Grasses are ‘in’. With the current fashion for naturalistic planting, grasses play an increasing role, coming into their own as the days shorten. From large miscanthus cultivars to the diminuitive stipa tenuissima, there is something suitable for every plot. Many have very fine seedheads, but finding one with bulkier ones on a smaller plant is not so easy. Fortunately, there is one.
Pennisetum alopecuroides ‘Hameln’ seems to go by several common names according to a Google search – Dwarf Fountain Grass, Chinese Fountain Grass, and African Feather Grass to name just three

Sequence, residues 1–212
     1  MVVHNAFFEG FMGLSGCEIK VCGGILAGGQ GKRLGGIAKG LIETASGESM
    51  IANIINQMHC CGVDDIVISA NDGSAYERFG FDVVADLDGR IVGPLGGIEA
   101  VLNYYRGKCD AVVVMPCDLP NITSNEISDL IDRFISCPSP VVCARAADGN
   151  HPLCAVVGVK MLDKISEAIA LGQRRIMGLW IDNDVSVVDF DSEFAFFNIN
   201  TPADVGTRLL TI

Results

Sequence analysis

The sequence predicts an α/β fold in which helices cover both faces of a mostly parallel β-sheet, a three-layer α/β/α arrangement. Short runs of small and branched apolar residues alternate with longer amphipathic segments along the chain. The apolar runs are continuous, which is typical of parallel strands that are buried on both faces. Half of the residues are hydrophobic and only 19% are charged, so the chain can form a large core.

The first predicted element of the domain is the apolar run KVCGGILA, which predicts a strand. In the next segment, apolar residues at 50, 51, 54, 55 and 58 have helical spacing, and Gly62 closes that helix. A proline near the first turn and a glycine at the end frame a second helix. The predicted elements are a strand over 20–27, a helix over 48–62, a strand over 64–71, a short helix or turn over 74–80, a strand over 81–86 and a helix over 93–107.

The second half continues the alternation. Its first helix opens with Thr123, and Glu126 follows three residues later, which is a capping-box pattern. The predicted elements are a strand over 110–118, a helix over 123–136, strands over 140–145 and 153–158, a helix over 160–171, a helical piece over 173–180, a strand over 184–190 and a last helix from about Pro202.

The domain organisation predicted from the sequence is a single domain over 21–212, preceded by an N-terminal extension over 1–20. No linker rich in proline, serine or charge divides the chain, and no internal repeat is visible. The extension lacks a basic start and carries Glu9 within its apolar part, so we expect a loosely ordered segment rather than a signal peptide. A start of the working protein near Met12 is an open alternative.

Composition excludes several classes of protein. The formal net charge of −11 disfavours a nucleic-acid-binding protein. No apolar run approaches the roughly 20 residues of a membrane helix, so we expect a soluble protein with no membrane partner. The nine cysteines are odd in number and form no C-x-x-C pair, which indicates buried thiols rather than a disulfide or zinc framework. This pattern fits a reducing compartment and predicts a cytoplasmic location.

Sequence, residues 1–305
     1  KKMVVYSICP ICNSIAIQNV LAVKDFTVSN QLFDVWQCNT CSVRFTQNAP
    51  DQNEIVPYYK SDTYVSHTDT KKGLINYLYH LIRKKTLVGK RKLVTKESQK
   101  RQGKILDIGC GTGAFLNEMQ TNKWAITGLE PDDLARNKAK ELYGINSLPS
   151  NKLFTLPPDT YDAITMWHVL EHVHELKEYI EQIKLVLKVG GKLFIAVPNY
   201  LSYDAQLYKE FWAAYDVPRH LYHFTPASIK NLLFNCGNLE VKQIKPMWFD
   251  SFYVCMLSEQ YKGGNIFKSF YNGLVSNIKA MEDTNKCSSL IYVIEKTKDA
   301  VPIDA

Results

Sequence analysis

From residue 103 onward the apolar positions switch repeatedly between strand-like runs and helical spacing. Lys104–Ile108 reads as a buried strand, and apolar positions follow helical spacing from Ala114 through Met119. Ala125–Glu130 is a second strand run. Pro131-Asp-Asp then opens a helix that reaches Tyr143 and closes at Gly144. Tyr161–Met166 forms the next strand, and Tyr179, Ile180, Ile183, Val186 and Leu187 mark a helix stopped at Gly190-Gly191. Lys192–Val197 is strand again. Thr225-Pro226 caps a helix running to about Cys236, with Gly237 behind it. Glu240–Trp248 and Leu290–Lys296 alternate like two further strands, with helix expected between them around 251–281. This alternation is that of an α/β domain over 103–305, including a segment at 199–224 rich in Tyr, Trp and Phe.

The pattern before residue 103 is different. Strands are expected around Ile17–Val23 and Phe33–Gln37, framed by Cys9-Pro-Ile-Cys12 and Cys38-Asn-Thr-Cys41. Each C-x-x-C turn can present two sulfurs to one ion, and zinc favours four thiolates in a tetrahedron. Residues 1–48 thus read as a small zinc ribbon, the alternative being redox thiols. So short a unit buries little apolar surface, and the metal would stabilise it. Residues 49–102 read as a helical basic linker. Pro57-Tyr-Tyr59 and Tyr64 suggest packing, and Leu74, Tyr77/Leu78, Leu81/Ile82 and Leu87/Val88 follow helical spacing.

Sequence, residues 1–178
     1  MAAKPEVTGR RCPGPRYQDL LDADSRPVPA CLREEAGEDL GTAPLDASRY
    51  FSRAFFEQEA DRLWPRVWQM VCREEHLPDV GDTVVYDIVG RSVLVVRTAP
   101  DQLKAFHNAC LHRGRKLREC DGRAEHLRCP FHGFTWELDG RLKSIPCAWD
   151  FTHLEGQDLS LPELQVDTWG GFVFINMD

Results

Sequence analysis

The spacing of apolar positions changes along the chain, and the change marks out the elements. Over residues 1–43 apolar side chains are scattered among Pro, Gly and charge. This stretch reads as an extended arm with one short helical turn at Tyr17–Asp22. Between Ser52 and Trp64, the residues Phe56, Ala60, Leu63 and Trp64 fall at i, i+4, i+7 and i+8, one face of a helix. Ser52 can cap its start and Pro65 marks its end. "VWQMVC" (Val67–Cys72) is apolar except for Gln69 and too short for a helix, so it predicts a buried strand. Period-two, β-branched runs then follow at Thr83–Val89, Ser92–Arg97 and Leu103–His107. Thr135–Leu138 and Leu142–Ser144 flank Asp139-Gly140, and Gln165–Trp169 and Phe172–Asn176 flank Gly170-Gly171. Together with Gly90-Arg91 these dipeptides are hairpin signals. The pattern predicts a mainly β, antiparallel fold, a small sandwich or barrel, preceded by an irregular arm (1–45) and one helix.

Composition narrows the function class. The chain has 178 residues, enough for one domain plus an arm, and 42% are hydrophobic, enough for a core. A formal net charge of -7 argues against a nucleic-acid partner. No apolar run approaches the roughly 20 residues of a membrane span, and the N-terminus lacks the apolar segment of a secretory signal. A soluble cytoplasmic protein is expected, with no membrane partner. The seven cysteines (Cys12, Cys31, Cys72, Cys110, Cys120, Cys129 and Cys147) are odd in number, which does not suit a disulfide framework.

It needs a light, well-drained soil in full sun, and tolerates poor, dry soils without complaint. Early in the season, it is a plain Jane, even (dare I say it) a boring plant. But from late July, the seedheads start to appear; these last well into autumn and even into the following year. A fully grown plant can reach three to four feet in height with a similar spread. It is evergreen and gardening advice tends to be “remove dead foliage in spring”, but I prefer to shear the whole thing off about six inches from the ground and enjoy the fresh new foliage as spring warms up. And if you can arrange it so the seedheads are backlit, this grass will outshine any man-made fountain in the garden.